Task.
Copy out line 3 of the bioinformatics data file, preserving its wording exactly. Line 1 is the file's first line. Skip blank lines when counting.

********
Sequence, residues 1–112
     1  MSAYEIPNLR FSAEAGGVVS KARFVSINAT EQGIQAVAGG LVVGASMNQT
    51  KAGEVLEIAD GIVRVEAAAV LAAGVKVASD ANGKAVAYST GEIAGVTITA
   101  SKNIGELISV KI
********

    51  KAGEVLEIAD GIVRVEAAAV LAAGVKVASD ANGKAVAYST GEIAGVTITA